So far, the entire burden of protecting our culture falls on those who both work and raise families.
Quality time is a great idea. But it's a shame to waste it on kids.
You know the concept. Job pressures and other demands on working parents have inevitably cut into the amount of time they can spend with their children. So they can compensate by making every minute they are together count. The formula is simple and elastic. One hour of quality time equals, perhaps, seven or eight hours of quantity time. No problem. No guilt.``You know I have to go to work,' a parent can repeat every morning as she hustles her kids off to the day-care center or the sitter. ``But tonight we'll have special time together.'
But even then, the quantity of quality time may be cut short. The kids are fussy and tired and need to be fed. Parents are exhausted and want to unwind. The phone rings (three cold sales calls, one play date arrangement, one long-winded relative). The office beeps about sending a fax that needs an immediate reply. There are dishes to do, laundry to start, baths, clutter to be picked up, a report to be finished before tomorrow.
And just because a parent has penciled in ``quality time' on her calendar at 7:35 doesn't mean a child is ready to cuddle up for a story, a chat about his day, a question about why Heather has two mommies and no daddy or a complaint about a playground bully at precisely 7:35.
So maybe it would be useful to try that wonderful concept of ``quality time' in other activities and relationships instead of limiting it to little kids. If children are supposed to be able to understand and accept the equation that a little quality time equals a lot of quantity time, why can't employers and other adults?
``Look, I'll only be in the office for an hour tomorrow,' you could explain to your boss. ``But it will be quality time.'
``This column will only be three paragraphs long,' you could tell your editor. ``But it will really be quality writing.'
``It will take about eight hours to fix your car, but all I can spare for you is an hour of quality time,' your auto mechanic could say.
``I don't have time to make all those sales calls today,' you can explain to your supervisor. ``But those I do make will be quality calls.'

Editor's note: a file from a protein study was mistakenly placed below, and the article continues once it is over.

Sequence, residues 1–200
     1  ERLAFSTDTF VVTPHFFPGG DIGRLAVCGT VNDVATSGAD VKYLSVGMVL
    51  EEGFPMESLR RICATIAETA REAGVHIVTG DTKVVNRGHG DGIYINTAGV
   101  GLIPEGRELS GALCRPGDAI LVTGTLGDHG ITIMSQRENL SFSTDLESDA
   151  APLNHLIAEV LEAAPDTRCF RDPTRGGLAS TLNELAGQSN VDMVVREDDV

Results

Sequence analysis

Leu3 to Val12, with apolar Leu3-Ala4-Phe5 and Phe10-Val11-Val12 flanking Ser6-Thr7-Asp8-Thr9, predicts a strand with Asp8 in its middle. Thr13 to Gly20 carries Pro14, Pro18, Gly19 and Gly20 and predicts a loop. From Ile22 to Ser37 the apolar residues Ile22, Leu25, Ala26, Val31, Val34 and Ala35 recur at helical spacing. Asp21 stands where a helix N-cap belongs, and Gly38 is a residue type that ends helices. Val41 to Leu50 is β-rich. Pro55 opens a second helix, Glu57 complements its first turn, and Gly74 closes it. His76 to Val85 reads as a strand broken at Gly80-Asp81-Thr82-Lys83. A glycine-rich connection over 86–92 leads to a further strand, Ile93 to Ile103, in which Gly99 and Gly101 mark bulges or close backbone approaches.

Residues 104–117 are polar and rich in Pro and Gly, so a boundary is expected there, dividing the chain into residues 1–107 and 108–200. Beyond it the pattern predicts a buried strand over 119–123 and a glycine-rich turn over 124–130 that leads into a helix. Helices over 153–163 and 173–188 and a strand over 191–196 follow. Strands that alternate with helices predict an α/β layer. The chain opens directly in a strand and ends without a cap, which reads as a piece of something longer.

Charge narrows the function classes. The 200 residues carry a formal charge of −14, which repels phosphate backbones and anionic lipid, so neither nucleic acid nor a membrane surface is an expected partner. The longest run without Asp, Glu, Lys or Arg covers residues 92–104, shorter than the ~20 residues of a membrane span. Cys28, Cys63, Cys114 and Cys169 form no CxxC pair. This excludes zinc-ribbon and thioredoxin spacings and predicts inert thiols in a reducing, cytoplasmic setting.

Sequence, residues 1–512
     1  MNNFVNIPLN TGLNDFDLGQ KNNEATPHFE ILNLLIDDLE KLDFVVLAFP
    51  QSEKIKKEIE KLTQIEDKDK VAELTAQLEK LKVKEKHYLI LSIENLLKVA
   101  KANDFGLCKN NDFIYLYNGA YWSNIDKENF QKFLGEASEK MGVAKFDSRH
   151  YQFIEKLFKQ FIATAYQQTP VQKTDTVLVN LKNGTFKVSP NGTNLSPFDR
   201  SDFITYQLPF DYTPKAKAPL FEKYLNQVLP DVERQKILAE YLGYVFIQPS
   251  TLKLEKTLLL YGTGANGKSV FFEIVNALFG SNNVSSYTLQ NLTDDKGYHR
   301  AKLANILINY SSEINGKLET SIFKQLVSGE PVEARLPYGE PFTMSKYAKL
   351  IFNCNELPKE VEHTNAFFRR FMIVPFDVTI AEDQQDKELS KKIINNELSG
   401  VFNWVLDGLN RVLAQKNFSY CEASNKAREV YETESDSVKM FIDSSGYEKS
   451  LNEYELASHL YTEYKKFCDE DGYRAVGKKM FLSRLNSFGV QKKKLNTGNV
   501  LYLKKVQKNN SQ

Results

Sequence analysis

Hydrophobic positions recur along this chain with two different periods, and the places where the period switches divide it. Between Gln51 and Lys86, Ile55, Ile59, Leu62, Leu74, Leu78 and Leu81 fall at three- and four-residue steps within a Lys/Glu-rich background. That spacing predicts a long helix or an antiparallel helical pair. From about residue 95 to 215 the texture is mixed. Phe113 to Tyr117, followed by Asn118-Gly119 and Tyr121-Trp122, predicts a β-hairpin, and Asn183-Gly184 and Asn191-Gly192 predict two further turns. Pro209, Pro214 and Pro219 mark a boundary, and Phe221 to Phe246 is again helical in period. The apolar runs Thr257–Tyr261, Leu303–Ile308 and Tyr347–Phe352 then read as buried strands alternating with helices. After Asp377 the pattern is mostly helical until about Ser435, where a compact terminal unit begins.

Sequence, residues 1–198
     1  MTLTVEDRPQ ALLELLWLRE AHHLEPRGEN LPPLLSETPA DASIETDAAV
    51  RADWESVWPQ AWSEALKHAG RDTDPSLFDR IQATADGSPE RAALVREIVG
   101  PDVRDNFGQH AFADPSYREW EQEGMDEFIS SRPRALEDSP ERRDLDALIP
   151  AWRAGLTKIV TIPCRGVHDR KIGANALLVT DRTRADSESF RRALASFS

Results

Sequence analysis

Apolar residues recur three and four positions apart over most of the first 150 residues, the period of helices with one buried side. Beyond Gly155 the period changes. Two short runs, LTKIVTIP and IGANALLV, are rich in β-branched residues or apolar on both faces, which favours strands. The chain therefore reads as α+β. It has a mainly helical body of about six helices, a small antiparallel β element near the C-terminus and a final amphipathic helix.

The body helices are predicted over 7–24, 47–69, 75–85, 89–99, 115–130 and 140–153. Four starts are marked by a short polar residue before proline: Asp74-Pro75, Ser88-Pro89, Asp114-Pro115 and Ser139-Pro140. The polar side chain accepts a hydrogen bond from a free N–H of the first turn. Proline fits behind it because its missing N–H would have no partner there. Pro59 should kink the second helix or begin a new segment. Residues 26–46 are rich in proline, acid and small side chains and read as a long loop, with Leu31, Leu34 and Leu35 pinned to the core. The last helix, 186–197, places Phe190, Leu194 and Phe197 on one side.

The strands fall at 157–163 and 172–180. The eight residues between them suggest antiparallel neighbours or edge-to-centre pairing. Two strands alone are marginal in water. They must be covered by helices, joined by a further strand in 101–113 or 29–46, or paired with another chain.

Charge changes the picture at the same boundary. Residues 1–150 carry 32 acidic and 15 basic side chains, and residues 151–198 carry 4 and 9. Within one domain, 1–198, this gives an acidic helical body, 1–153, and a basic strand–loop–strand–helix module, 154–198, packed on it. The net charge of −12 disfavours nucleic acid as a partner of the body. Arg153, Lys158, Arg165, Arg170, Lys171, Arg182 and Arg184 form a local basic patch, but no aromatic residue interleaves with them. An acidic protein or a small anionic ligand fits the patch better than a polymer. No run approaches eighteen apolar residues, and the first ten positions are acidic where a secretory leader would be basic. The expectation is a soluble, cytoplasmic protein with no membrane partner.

``I won't make it into the office until afternoon,' you could e-mail your boss. ``But when I do see you, we can have quality time together.'
For now, though, it's only kids who are supposed to benefit from the idea of a little bit of quality time in lieu of a lot of quantity time.
In part that's because a parent's job description - found in dozens of child-care advice books - is almost infinitely expandable and impossible.
Even a stay-at-home mom with only one toddler couldn't do all the brain-stimulating, emotion-securing, motor-skill building, bonding and physical care that would benefit her offspring.
No one knows exactly how much face-time small children need with their parents for optimal development. Much depends on who is caring for them - and how well - when their parents aren't.
The studies that have been done are scary. Nine out of 10 day-care centers and nursery schools don't meet standards for staff, equipment and cleanliness, according to a 1995 national survey.
Four out of 10 are a hazard to children's health, safety and development.
Most day-care workers are inadequately trained, poorly paid and likely to stay on the job only a short time. No one monitors more informal group-sitter arrangements.
It's ironic that new research about brain development in the first years of life and the urgent need of young children for mental nourishment has coincided with the movement of millions of mothers into the workforce. More than half of the mothers of babies and toddlers now are employed outside the home and need to convince themselves that quality time equals quantity time equals freedom from guilt.
So far, the burden of this vast social change has fallen almost entirely on children and on family relationships. Even in many businesses that call themselves ``family friendly,' the corporate culture discourages workers from cutting corners on the job to meet their children's needs.
Almost no dads take advantage of paternity leaves, even in workplaces that provide the option. Women who opt for the ``mommy track' usually find that their careers stall.
It is time with children that's expendable, its loss glossed over with the idea that what really counts is quality, not quantity.
Women are in the workforce to stay. Their earnings are essential to their families and the taxes they pay to the government. They have educations they want to use, ambitions they want to fulfill, competencies they want to demonstrate, contributions they can make, a future to plan after the children grow up.
Already, whole new businesses are developing to do what women used to do in the home. Carry-out food is a new growth industry.
There are housecleaning services, laundry services, phone-order services, home nurses, nursing homes and day-care centers for ailing parents, day-care centers and sitters and after-school programs for kids.
But as new patterns of family life develop and solidify, it's time with children we must be vigilant to protect - quality time and quantity time.